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CREATE PROCEDURE AS — Defines a stored procedure composed of one or more SQL statements.


CREATE PROCEDURE procedure-name
[PARTITION ON TABLE table-name COLUMN column-name [PARAMETER position]]
[ALLOW role-name [,...]]
AS {sql-statement; | multi-statement-procedure}

CREATE PROCEDURE procedure-name
[ALLOW role-name [,...]]
AS {sql-statement; | multi-statement-procedure}

  sql-statement; [,...]


You must declare stored procedures as part of the schema to make them accessible at runtime. The CREATE PROCEDURE AS statement lets you create a procedure from one or more SQL statements directly within the DDL statement. The SQL statements can contain question marks (?) as placeholders that are filled in at runtime with the arguments to the procedure call.

There are two ways to define a procedure as part of the CREATE PROCEDURE AS statement:

  • A single statement procedure where the CREATE PROCEDURE AS statement is followed by one SQL statement terminated by a semi-colon.

  • A multi-statement procedure where the CREATE PROCEDURE AS statement is followed by multiple SQL statements enclosed in a BEGIN-END clause.

For a single statement, the stored procedure returns the results of the query as a VoltTable. For multi-statement procedures, the results are returned as an array of VoltTable structures, one for each statement.

For all CREATE PROCEDURE AS statements, the procedure name must follow the naming conventions for Java class names. For example, the name is case-sensitive and cannot contain any white space.

You can create three types of stored procedures:

  • Multi-Partition Procedures — By default, the CREATE PROCEDURE statement declares a multi-partition procedure. A multi-partition procedure runs as a single transaction and has access to data from the entire database. However, it also means that the procedure will access all of the partitions at once, blocking the transaction queues until the procedure is done.

  • Single-Partition Procedures — If you include the PARTITION ON clause, the procedure is partitioned and runs on only one partition of the database. The partition it runs on is determined by the value of one of the parameters you pass to the procedure at runtime, as described below.

  • Directed Procedures — if you include the DIRECTED clause, the procedure is a directed procedure and will run separate transactions on each of the partitions. However, the individual transactions are not coordinated. Directed procedures must be invoked as a scheduled task or using the callAllPartitionProcedure method. See Section 7.5, “Directed Procedures: Distributing Transactions to Every Partition” and the description of the CREATE TASK statement for more information on directed procedures.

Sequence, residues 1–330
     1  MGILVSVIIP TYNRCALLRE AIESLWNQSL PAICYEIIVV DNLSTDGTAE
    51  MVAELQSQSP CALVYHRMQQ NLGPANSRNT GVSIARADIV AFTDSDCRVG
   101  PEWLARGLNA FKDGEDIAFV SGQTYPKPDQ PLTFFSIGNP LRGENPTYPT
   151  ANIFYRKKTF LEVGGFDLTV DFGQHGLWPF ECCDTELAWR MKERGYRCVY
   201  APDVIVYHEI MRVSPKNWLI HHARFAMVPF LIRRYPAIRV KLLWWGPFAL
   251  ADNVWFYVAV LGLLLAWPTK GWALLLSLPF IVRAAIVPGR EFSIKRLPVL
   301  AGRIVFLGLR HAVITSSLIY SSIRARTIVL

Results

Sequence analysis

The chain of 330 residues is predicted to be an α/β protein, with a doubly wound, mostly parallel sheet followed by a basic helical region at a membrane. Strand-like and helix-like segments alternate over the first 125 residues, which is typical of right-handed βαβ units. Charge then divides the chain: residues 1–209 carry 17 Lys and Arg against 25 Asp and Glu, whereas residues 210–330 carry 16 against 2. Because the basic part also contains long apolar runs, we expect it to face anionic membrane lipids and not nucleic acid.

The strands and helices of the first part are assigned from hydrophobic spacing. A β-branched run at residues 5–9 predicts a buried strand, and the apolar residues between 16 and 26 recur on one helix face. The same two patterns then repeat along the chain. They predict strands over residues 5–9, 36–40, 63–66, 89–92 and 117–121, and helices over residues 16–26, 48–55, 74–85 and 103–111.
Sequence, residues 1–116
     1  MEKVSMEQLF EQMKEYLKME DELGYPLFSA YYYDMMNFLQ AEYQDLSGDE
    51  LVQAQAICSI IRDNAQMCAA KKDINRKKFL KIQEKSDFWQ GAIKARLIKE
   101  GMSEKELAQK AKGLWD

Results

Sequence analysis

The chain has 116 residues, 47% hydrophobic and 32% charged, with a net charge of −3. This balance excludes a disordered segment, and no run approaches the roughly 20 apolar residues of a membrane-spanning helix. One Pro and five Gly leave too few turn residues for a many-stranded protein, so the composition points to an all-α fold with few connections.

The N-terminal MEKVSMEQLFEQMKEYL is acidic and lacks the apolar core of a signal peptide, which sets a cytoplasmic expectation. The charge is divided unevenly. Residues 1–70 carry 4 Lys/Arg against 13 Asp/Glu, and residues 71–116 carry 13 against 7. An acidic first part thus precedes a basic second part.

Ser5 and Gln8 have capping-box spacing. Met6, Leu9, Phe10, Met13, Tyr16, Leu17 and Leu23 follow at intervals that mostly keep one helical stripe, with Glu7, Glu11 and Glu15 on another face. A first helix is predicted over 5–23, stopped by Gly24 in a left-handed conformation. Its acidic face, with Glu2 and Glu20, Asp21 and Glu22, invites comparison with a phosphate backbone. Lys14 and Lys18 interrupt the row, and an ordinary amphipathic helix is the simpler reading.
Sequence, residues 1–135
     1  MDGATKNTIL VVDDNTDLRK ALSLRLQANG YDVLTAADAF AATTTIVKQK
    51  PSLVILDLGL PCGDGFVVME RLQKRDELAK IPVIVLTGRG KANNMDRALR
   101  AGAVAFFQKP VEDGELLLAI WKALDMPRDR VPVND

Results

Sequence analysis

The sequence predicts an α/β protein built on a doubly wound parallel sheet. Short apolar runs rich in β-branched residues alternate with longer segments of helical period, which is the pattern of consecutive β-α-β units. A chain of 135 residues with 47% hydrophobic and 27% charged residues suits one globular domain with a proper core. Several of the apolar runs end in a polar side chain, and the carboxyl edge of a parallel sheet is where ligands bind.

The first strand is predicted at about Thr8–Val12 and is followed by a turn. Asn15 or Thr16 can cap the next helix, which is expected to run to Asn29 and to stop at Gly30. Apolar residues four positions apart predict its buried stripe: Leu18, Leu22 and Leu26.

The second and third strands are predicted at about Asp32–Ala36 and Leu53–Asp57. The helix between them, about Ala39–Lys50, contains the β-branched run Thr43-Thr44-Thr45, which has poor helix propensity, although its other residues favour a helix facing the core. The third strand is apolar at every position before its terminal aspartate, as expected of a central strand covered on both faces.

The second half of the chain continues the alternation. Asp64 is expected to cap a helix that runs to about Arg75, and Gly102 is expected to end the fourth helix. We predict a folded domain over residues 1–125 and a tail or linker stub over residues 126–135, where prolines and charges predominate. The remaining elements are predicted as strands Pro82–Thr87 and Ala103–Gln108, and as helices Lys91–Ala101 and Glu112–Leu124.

When creating single-partitioned procedures, you specify the partitioning in the PARTITION ON clause. Partitioning a stored procedure means that the procedure executes within a unique partition of the database. The partition in which the procedure executes is chosen at runtime based on the table and column specified by table-name and column-name. By default, VoltDB uses the first parameter to the stored procedure as the partitioning value. However, you can use the PARAMETER clause to specify a different parameter. The position value specifies the parameter position, counting from zero. (In other words, position 0 is the first parameter, position 1 is the second, and so on.) The specified table must be a partitioned table or stream.

If security is enabled at runtime, only those roles named in the ALLOW clause (or with the ALLPROC or ADMIN permissions) have permission to invoke the procedure. If security is not enabled at runtime, the ALLOW clause is ignored and all users have access to the stored procedure.


The following example defines a stored procedure, CountUsersByCountry, as a single SQL query with a placeholder for matching the country column:

    SELECT COUNT(*) FROM Users WHERE country=?;

The next example restricts access to the stored procedure to only users with the operator role. It also partitions the stored procedure on the userID column of the Accounts table. Note that the PARAMETER clause is used since the userID is the second parameter to the procedure:

CREATE PROCEDURE ChangeUserPassword 
    ALLOW operator 
    AS UPDATE Accounts SET HashedPassword=? WHERE userID=?;

The last example uses a BEGIN-END clause to include four SQL statements in the procedure. In this case, the procedure performs two INSERT INTO SELECT statements, a DELETE statement and then selects the total count of records after the operation. The stored procedure returns four VoltTables, one for each statement, with the last one containing the final record count since SELECT is the last statement in the procedure.

    INSERT INTO enroute SELECT * FROM Orders 
        WHERE ship_date < NOW() AND delivery_date > NOW();
    INSERT INTO history SELECT * FROM enroute 
        WHERE delivery_date < NOW();
    DELETE FROM enroute 
        WHERE delivery_date < NOW();
    SELECT COUNT(*) FROM enroute;